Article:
Sadie and Coco meet Ivy..

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The prospect of introducing Ivy to our cats Coco and Sadie was almost certainly the most nerve-wracking aspect of getting a puppy. I mean let’s face it, dogs and cats are the most notorious of adversaries. And while I’m a sucker for pictures of cats and dogs snuggled in perfect harmony on Facebook (see above), I was under no illusions that this was going to be an instant cat/dog love-fest!

And I was right! Ivy’s first encounters with either cat was brief.. very brief! Ivy would spot Coco or Sadie, her little tail would begin to wag and her eyes light up at the prospect of a new playmate. Her absolute confidence that they would feel the same way saw her bounding across the garden to greet them, only for them to leap 10 feet into the air, turn tail and scarper as fast as their furry feline feet would carry them!

Our house is on four floors and we have placed a gate on at the bottom of the stairs to the top two floors, thus providing a safe haven for Coco and Sadie when they lose patience with Ivy (they seem to spend quite a lot of time up there.. just sayin’!) That said, they do seem to enjoy taunting her by sitting on the step just above the stair gate staring and then staring some more, driving her into a frenzy! Such fun!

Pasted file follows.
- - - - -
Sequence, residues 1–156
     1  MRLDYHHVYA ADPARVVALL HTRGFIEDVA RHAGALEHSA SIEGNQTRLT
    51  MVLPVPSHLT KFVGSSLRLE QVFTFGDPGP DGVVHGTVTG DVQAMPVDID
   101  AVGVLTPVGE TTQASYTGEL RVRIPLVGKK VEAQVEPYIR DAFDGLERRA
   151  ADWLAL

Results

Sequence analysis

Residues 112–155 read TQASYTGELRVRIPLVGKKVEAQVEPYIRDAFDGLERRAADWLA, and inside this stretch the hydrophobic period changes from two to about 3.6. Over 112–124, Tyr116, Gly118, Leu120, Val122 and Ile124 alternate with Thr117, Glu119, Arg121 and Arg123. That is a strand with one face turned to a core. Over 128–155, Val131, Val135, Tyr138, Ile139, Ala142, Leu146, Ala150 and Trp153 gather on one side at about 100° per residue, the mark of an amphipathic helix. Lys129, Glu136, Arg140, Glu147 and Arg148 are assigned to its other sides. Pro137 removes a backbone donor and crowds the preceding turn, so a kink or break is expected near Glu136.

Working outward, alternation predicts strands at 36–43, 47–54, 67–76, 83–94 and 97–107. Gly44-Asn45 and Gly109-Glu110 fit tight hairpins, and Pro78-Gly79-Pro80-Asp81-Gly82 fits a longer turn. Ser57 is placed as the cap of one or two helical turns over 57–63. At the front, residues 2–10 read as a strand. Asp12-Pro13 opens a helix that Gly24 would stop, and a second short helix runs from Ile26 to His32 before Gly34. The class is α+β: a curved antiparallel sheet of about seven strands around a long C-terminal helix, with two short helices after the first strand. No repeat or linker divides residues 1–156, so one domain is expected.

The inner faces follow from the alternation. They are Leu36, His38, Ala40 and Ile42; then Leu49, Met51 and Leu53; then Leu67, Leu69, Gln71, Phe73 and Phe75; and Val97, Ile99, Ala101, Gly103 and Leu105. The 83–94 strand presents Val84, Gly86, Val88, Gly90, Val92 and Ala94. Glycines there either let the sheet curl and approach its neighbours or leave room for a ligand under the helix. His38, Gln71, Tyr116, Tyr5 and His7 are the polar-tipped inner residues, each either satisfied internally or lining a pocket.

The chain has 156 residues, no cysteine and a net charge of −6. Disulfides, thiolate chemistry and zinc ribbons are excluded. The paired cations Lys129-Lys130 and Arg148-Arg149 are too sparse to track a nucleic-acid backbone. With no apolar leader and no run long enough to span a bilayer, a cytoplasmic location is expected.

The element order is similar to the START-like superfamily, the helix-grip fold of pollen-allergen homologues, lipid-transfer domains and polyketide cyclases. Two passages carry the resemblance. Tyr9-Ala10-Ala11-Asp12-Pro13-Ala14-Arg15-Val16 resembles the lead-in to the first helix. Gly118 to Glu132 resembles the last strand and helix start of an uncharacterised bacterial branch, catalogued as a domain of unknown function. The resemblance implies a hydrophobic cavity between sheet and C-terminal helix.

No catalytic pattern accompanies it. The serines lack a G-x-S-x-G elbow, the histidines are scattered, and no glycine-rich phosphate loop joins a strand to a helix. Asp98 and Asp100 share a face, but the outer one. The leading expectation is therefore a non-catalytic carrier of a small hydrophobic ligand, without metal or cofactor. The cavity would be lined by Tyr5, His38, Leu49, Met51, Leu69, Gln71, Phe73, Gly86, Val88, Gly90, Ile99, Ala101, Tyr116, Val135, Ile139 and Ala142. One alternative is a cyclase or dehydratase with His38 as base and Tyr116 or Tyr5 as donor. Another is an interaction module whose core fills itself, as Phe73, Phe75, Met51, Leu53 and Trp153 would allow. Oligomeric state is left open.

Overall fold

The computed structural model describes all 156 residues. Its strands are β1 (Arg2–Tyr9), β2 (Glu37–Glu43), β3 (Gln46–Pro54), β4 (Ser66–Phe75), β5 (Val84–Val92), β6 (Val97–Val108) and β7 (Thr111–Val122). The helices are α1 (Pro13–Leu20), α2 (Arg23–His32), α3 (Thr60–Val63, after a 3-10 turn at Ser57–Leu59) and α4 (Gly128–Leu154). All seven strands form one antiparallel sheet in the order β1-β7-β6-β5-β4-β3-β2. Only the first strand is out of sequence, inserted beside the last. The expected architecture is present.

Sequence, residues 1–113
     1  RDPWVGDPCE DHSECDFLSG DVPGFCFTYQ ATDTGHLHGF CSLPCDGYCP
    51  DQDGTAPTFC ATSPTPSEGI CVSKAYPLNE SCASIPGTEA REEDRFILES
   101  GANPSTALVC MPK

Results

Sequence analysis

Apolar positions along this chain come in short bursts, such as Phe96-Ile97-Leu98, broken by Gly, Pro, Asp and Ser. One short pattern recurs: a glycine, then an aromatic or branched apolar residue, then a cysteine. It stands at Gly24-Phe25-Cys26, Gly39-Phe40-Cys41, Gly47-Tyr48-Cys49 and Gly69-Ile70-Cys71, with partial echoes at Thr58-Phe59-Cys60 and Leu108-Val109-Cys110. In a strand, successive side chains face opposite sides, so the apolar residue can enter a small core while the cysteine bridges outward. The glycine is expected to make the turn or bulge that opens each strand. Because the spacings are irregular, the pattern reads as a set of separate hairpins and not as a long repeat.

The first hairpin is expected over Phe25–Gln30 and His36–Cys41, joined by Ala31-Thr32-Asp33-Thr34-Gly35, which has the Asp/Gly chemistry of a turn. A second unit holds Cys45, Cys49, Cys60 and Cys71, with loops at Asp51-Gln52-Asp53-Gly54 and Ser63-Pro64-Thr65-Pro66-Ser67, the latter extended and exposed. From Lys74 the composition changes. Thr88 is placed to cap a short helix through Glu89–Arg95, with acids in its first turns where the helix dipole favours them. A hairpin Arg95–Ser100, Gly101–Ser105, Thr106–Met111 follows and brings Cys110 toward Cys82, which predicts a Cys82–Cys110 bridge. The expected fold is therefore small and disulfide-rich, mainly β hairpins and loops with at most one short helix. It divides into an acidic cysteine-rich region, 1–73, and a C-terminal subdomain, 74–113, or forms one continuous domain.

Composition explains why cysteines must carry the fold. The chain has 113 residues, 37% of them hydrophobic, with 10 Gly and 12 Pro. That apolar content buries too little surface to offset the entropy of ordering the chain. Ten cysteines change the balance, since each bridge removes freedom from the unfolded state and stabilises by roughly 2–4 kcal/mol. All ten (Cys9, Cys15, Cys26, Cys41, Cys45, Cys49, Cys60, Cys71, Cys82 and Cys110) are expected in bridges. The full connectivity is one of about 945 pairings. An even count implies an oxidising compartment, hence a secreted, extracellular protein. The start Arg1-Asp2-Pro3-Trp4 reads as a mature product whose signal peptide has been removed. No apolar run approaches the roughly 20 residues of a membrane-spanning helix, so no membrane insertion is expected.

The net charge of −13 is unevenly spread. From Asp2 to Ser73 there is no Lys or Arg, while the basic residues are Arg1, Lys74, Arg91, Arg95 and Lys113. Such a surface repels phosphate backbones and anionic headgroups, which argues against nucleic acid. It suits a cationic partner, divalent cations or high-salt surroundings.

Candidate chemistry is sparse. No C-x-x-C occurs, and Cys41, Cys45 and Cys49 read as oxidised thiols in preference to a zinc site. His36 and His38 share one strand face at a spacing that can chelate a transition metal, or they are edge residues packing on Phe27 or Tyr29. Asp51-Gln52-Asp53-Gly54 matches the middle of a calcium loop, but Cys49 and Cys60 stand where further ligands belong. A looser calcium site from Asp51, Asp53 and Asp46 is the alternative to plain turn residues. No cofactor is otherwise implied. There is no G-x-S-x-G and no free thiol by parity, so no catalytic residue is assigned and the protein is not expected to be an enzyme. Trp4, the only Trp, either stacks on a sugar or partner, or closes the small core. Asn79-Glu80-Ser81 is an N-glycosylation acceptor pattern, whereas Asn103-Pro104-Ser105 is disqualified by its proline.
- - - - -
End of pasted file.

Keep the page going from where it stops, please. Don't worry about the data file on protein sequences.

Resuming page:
We have now reached a state of.. I’m not sure I can call it peace and harmony, but I suppose ‘acceptance’ would be the best word to describe it. At least on the part of Coco and Sadie. They have learned that if Ivy is in the kitchen, the best way to cross the room to their food or the cat flap is up high. So they leap from table to chair to kitchen work surface – pretty impressive as it happens. And yes, I do see the irony of having spent two years trying to get them NOT to go on the work surfaces, now actively encouraging it!

Coco, who is a little dot of a cat, knows exactly how to put Ivy in her place. A carefully timed hiss and a flick of a sharp claw does the trick. Sadie simply C…B…A (‘can’t be arsed’ according to son Noah!). Ivy will chase her and she lollops away slowly to the safest spot.. but she takes her time. I am not sure ‘lollops’ is even a word, but it seems to be quite descriptive of Sadie’s gait. So the cats ‘get it’ – this ‘thing’ is here to stay and avoidance is key. Ivy not so much. Ever the optimist, she will bark and chase when she sees either cat – she just wants to play!

I sometimes wonder what the cats are thinking. Do they blame us for this new intruder? I don’t think so. They are still as affectionate as ever. Like I said, I think ‘acceptance’ pretty much sums it up. I do wonder more of a bond will form when Ivy calms down a bit.. but I’m not holding my breath!

How to prepare for a new puppy!

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So your new arrival is imminent. Exciting times! But before you go and pick up your precious bundle of joy, you need to make sure you are prepared.